St. Louis Cardinals: Carlos Martinez Performing Like an Ace


As the 2015 season began, St. Louis Cardinals pitcher Carlos Martinez’s major-league career was at a bit of a crossroads. The Cardinals had cast a vote of faith in Martinez during the offseason by trading starter Shelby Miller to the Atlanta Braves for outfielder Jason Heyward, creating a potential rotation opening for Martinez. Yet, after appearing in 70 of his first 78 major-league games out of the bullpen, it was debatable whether Martinez would be able to make the full-time transition to starting.

Martinez hadn’t inspired an exceptional amount of confidence over his first two seasons in the big leagues. Despite touching speeds as high as 101.3 MPH with his fastball and sitting between 96 and 97 MPH, Martinez struggled with consistency, posting a 4.28 ERA and allowing plenty of solid contact (.282 opponent batting average in 2013, .266 in 2014) during that period of time.

In his initial stint as a starter, Martinez didn’t particularly fare well. Though he allowed one earned run or fewer in three of his seven starts, Martinez was able to go longer than five innings just once. He became less effective as the summer wore on, and ultimately Martinez ended up going 2-1 with a 4.45 ERA, a .294 opponent batting average, and a 1.64 WHIP over his seven starts.

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This year, Martinez needed to improve that he could be a true pitcher rather than just a “thrower” with a limited repertoire and unimpressive stamina. He didn’t quite do that during the early part of spring training, as he gave up five earned runs in 3.1 innings during a March 15 start against the Minnesota Twins, which put him behind lefthanders Marco Gonzales and Jaime Garcia in the battle for the fifth starter spot. Garcia had all but locked up the job as spring training came to a close, which likely would have sent Martinez back to the bullpen for a third straight season, but after the oft-injured Garcia was sidelined with a shoulder injury just days before the beginning of the regular season, Martinez was able to regain his rotation spot, and he hasn’t looked back since.

Even after an early May slump in which Martinez gave up seven earned runs in two straight starts and strained the bullpen, going just 3.2 innings in his May 4 start and 5.1 on May 9, Martinez’s numbers stack up with the best starters in the National League. As we move into the middle part of June, Martinez has the pedigree to be an All-Star, as he’s near the top of the leaderboard among National League qualifiers in several categories, ranking 11th in ERA, 12th in opponent batting average, and is tied for fourth in wins.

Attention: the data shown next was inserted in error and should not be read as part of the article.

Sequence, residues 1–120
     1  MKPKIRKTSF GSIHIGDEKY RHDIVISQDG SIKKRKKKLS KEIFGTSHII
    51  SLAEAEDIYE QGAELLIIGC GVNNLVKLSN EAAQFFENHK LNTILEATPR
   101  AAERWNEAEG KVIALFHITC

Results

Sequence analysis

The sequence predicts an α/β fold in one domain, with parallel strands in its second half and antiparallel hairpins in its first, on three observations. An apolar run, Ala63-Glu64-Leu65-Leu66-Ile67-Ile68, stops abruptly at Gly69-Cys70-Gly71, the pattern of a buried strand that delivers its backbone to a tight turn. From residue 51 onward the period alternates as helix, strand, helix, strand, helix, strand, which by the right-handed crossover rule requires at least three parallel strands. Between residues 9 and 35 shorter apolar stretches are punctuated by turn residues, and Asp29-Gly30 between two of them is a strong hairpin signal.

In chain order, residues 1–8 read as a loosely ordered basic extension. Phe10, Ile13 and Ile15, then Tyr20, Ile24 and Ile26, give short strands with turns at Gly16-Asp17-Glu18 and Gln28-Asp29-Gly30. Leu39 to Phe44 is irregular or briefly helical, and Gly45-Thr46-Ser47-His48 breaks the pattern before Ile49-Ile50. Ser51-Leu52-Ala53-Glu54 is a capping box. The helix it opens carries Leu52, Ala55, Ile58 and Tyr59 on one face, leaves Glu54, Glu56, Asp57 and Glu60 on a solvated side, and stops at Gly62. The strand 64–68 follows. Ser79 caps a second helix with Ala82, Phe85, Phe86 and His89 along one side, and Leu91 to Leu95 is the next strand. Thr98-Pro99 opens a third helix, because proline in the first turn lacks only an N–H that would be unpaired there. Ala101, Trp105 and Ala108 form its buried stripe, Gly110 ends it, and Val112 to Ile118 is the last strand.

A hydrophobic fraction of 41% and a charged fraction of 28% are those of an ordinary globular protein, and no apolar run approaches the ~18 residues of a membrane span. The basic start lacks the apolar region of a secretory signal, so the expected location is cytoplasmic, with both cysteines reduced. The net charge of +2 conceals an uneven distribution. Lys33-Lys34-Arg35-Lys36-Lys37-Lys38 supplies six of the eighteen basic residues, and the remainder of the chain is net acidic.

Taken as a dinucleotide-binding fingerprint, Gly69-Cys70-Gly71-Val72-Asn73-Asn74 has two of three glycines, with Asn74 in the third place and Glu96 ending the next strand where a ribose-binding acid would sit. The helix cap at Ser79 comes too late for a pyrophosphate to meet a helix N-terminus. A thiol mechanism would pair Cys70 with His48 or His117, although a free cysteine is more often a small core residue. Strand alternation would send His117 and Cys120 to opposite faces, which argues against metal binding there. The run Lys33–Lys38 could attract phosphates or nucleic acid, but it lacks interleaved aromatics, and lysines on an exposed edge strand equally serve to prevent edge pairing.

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Other than his periodic inconsistency, the biggest concern surrounding the 23-year-old as a starter has been his constant struggle to get deep into games. Martinez has eased those concerns in recent weeks, however, as he has gone more than six innings in his past five straight starts and went seven innings in three straight before his Wednesday afternoon start in Colorado. He’d had just one other seven-inning outing as a big-league starter prior to that streak, which came in an April 24 shutout of the Milwaukee Brewers.

Now with Adam Wainwright and Lance Lynn on the shelf, the pressure is firmly on Martinez. As he’s in the midst of the most successful stretch of his major-league career, though, Martinez has the opportunity to establish himself as an All-Star and a borderline ace.

With Michael Wacha having started twice the games that Martinez has in the majors and therefore closer to reaching his prime, he may be a better candidate to serve as the “ace” of the rotation for the team with the best record in baseball. With that said, Martinez has vastly exceeded expectations after backing into the fifth starter role to begin the season, and he now looks like he has a great chance to live up to the front-of-the-rotation starter billing that was placed upon him as he was advancing through the Cardinals’ system.

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